Local bartenders out of work worry about their futures and the fate of their industry

Two weeks ago, Beth McRae's bar was open and all was, for the most part, pretty normal.

Between doing the bookkeeping and marketing for Berserk, the downtown Spokane bar she co-owns with her husband and two other business partners, McRae was also tending bar part-time at Hunt and Eyvind.

By March 16, McRae wasn't working at all.

As it sweeps across the U.S., the coronavirus pandemic is simultaneously wreaking havoc on the hospitality industry. While Washington Gov. Jay Inslee mandated that all bars and restaurants close to in-person service for at least two weeks, many in the industry, like McRae, are bracing for a much longer stretch of unemployment.

"When the ban hit, we were actually having a business meeting because we knew it was probably coming since other states had already done it," McRae recalls. "About five minutes into the meeting, Inslee announced the closing, and I immediately thought 'this is a good call for Washington state.' At the same time, it's terrifying as a small business owner."

Adding to the avalanche of bad news is the fact that just days before the governor's order, McRae had cut her hours at Hunt and Eyvind over concerns she'd be exposed to the coronavirus. McRae has lupus, an autoimmune disease.

"I had talked to Crystal [Bertholic, Eyvind and Hunt's bar manager] the week before and told her that with a compromised immune system I am going to start taking time off to get out of the public. But that was fine then because my husband was still working," she says.

McRae is now weighing whether she should apply for disability benefits. She hopes to bring in a little bit of income selling vintage clothing on Ebay.

"I have a feeling this is going to be extended to mid-April at the earliest, so it's a little scary," she says. "We can't get unemployment as owners. Fortunately, we have some savings, but still, you never know how long it's going to last."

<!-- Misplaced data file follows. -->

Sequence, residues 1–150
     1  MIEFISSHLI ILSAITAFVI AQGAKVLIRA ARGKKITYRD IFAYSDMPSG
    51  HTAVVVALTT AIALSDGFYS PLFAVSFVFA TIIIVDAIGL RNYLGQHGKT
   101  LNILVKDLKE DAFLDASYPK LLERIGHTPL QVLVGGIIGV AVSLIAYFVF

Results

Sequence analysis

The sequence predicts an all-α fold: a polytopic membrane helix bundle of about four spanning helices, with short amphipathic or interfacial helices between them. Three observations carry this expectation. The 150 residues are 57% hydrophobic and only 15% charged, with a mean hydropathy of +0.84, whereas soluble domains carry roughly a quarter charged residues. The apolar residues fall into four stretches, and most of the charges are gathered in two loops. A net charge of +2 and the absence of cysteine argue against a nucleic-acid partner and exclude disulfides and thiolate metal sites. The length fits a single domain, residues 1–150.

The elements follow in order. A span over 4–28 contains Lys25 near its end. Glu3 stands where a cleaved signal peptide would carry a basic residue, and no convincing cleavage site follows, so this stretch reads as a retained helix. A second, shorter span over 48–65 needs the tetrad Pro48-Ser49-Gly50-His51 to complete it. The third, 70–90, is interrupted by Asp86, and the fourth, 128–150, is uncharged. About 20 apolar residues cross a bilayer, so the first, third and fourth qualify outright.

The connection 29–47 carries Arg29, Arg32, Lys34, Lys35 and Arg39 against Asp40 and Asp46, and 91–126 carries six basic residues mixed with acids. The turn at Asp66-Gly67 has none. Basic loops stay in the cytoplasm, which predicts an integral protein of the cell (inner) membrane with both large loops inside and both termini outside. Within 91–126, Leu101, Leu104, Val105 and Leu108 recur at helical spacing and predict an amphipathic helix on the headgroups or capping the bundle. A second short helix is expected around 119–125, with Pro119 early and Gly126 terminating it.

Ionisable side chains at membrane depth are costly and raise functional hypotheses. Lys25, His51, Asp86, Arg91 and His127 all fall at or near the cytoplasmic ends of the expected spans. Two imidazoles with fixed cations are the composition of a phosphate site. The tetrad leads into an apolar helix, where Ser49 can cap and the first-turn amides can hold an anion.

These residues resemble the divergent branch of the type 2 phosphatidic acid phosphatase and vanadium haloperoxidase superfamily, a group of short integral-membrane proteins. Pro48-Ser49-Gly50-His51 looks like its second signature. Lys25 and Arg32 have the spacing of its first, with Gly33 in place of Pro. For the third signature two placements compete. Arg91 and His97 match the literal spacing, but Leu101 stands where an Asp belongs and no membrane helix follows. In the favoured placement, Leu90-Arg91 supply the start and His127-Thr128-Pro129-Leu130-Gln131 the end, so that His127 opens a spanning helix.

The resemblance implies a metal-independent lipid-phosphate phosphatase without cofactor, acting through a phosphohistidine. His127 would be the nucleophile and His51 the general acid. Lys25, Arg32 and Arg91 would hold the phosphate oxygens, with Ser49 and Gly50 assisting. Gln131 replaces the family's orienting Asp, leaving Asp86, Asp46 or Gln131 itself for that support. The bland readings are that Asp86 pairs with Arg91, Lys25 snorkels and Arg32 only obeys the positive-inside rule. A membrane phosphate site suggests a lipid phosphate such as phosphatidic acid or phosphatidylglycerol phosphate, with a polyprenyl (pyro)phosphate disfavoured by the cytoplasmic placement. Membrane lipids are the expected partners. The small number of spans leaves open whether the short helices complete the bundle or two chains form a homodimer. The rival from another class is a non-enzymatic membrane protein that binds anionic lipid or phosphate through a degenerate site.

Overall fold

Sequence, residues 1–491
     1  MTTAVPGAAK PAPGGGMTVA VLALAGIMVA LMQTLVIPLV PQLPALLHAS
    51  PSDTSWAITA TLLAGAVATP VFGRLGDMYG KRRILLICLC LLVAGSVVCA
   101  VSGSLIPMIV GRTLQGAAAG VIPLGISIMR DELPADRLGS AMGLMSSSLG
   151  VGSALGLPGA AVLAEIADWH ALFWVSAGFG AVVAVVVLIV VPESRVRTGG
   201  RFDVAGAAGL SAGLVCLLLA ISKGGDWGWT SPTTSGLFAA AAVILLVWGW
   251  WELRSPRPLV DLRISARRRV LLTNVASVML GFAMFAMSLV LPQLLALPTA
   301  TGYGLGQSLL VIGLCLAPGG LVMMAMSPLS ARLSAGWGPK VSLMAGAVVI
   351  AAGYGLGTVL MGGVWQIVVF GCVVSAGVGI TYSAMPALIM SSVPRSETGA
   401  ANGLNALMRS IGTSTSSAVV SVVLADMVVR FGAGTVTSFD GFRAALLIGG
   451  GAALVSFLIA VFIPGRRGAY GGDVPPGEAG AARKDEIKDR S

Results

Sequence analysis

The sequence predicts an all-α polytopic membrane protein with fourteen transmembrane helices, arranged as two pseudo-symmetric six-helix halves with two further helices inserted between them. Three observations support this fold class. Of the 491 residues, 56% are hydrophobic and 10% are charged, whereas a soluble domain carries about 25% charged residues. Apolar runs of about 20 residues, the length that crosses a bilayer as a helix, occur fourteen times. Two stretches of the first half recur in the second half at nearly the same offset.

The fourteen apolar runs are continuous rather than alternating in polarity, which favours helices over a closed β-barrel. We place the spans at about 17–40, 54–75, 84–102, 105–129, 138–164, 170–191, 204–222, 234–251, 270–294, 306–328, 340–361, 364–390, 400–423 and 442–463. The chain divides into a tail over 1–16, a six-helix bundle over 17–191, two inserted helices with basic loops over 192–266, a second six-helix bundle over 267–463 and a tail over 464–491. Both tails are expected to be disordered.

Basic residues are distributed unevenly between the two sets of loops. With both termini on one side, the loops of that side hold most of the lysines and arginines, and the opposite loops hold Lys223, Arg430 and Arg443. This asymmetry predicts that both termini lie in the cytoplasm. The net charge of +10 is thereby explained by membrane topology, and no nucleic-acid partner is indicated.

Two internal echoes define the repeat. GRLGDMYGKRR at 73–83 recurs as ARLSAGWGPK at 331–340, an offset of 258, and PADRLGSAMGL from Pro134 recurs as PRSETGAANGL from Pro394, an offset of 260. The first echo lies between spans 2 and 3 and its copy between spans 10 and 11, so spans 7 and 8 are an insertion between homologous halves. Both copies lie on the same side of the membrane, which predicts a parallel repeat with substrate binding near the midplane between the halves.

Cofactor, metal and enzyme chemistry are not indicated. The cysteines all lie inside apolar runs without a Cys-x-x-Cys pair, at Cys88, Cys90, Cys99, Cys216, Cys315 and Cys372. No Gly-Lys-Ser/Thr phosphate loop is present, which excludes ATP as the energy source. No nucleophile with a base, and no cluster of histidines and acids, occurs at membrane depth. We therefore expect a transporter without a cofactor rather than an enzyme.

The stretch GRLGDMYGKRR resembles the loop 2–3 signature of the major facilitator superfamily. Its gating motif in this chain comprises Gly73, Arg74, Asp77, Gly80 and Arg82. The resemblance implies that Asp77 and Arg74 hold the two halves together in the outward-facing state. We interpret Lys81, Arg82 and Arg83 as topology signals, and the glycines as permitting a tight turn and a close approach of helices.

Cabby Barnard (above) works alongside McRae at Hunt and Eyvind in addition to stints at local spots Tiny Tiki and Pacific Pizza. Barnard's husband, Tyler Aker, is also in the industry.

Barnard went from working 40 hours a week to zero, while Aker is getting between four and five hours a day at Pacific Pizza doing carryout orders.

"So there's a little bit of income coming in, but nothing close to what we need," Barnard says. "We don't have savings."

In the meantime, she applied for an emergency assistance grant from the United States Bartenders Guild National Charity Foundation, a nonprofit supporting the hospitality industry, but won't find out if her request was accepted for another month. She also applied for aid through the Spokane Hospitality Workers Emergency Relief Fund organized by local social services worker Ted Munat, with help from Bertholic, who's Barnard and McRae's boss at Eyvind and Hunt.

"There is a lot of unknown right now," Barnard says. "I've been in the industry for so long and I'm very qualified for it, but not qualified to do much else.

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About The Author

Chey Scott

Chey Scott is the Inlander's food and listings editor. She compiles the weekly events calendar for the print and online editions of the Inlander, manages and edits the food section, and also writes about local arts and culture. Chey (pronounced Shay) is a lifelong Spokanite and a graduate of Washington State University...